Like this comment
Posted by Richard C Placone
a resident of Barron Park
on Mar 17, 2011 at 11:56 am

Peter and Christine Wood were good friends of ours. Peter was so delightfully British that being with him was like living in a Masterpiece Theater film. His wife Christine was my administrative assistant for many years while I was at the Stanford medical center. She was dearly loved by the staff, and made coming to the office a real pleasure. The Wood's annual Christmas parties were unmatched in friendliness and hospitality. Not mentioned in the story above was Peter's love of the out of doors. After Christin's untimely death, he undertook a major climb of Mount Kilimanjaro in Africa when most of us were sitting back taking our leisure. Peter and Chris were wonderful people and will be sorely missed by their many friends.


Like this comment
Posted by Annajo (A.j.) Sánchez (Kessler)
a resident of Midtown
on Mar 17, 2011 at 5:06 pm

It was a privilege to have had the opportunity to work with Dr. Peter Wood and Dr. John Farquhar as well as their medical team; Dr. Stephen Fortmann, Dr. C. Taylor and others. I was part of Nathan Maccoby's SU Communications team, along with Jan Alexander, Betty Kaplan, Pru Martin-Brieitrose, Bernadette Castor, Elizabeth Adler, Dr. Steven Blair, Dr. June Flora, Dr. Wm. Haskel, Dr. Douglas Solomon and many other project collaborators. Dr. Wood's work "made a difference" in the lives of the people who participated in the "Three Community Study". Once these folk learned the relationship between lowering certain kinds of cholesterol and preventing heart attacks --- this knowledge was practiced by following generations. Needless to say, both SHDPP teams and 'the world' also benefited.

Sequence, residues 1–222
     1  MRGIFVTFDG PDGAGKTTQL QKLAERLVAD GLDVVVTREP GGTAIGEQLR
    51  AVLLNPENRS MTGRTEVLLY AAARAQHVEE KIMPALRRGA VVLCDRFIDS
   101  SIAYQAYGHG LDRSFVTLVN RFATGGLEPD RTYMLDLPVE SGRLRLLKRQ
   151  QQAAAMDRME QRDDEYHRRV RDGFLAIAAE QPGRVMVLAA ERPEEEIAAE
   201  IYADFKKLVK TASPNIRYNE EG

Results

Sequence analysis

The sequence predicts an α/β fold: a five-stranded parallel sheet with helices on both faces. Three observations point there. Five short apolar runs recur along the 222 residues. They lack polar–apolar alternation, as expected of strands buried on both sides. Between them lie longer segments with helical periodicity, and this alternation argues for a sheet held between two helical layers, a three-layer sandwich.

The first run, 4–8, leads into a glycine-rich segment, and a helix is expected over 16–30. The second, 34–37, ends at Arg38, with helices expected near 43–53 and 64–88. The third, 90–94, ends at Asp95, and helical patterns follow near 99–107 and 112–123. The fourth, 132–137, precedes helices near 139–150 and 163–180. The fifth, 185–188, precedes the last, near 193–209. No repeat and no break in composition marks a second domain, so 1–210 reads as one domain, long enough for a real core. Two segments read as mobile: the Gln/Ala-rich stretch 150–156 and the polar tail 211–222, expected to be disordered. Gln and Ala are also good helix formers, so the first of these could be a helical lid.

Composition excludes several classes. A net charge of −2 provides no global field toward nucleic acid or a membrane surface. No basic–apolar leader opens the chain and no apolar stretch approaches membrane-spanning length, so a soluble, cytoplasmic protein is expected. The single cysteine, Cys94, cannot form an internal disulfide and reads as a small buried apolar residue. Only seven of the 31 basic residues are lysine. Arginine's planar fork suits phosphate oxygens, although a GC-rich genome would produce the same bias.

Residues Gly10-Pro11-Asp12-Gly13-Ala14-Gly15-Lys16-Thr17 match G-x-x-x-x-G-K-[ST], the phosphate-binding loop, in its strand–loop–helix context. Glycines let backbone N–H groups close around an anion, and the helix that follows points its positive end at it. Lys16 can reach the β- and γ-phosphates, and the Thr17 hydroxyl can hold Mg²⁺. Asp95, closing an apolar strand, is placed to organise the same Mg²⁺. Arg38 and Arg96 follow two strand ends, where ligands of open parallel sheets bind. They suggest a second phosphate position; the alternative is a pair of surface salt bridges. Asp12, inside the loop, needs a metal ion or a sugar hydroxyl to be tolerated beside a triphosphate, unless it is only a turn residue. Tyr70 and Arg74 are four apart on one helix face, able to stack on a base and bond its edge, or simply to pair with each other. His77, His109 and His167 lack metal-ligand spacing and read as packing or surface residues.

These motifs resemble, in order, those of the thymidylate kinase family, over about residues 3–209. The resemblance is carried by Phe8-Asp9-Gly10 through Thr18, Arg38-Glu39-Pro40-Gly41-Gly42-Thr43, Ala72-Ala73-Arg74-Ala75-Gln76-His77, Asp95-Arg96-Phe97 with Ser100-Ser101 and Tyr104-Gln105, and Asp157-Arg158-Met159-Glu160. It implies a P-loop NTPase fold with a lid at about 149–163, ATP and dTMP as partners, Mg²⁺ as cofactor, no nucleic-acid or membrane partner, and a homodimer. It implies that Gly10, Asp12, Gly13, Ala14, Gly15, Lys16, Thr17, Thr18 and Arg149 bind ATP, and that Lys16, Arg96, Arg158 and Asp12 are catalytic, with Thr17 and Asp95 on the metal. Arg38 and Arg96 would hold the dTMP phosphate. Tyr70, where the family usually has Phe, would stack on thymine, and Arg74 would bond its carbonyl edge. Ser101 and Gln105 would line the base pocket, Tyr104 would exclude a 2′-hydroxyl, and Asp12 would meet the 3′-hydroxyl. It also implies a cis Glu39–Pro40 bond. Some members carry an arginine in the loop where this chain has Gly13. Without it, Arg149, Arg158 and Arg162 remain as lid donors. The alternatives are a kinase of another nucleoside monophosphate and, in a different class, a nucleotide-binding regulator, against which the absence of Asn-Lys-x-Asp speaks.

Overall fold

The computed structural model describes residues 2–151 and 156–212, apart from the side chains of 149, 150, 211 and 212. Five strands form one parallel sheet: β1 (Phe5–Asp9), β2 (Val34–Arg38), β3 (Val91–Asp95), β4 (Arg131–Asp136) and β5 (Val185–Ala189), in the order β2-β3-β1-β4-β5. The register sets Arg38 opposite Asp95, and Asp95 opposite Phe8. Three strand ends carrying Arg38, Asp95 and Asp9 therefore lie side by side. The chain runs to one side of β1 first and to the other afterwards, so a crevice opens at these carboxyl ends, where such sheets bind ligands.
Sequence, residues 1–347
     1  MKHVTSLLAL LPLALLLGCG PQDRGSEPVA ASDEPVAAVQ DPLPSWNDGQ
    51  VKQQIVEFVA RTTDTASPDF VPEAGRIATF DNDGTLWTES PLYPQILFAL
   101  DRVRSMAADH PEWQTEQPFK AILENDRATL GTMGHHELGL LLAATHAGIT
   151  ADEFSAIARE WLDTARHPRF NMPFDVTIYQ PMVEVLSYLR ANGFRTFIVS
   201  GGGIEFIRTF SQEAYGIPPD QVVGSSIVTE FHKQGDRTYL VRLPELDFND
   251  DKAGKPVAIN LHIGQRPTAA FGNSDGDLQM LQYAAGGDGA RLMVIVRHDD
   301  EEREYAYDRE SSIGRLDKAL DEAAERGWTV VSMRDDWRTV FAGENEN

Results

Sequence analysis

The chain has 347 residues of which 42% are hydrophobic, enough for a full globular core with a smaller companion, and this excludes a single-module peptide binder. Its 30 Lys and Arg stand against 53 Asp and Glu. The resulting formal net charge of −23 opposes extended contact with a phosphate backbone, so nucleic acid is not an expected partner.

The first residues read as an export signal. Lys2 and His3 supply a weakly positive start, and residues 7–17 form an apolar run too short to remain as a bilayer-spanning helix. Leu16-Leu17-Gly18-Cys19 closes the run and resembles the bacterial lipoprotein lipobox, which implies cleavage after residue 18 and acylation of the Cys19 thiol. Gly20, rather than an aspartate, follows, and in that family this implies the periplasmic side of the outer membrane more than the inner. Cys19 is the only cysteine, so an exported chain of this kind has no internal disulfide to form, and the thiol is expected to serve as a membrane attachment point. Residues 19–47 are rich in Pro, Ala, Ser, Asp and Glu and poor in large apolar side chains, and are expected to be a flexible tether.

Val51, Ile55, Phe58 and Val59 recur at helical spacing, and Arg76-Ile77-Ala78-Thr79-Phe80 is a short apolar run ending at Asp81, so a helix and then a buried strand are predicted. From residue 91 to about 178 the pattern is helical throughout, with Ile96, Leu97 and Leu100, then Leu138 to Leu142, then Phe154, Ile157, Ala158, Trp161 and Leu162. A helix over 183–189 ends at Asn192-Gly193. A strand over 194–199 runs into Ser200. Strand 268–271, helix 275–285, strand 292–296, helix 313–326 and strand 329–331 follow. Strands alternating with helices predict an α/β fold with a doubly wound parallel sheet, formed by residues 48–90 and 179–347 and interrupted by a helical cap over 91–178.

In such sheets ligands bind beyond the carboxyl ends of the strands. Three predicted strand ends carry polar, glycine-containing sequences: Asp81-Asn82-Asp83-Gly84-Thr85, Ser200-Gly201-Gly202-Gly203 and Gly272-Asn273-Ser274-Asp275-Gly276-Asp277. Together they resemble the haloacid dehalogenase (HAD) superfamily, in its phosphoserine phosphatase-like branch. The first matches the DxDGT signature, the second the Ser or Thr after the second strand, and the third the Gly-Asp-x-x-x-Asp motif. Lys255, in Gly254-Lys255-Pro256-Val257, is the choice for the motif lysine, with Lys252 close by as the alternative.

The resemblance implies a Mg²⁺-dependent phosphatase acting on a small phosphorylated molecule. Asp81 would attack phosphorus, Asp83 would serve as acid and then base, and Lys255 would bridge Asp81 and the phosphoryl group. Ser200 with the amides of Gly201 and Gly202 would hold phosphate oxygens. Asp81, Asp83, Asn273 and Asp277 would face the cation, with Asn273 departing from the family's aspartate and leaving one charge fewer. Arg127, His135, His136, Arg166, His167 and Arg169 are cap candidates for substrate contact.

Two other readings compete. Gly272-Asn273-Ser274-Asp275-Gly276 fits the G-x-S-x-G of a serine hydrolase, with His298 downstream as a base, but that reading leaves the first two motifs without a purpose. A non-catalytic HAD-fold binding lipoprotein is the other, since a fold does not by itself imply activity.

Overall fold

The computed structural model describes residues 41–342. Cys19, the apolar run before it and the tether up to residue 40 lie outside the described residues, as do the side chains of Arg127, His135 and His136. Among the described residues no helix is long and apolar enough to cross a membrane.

La Vida - Paso por Aqui

La vida es un tren que pasa
con carga de sentimiento
Esa carga no descarga
Asta al dar el ultimo suspiro

___Manuelita Duran-Bailey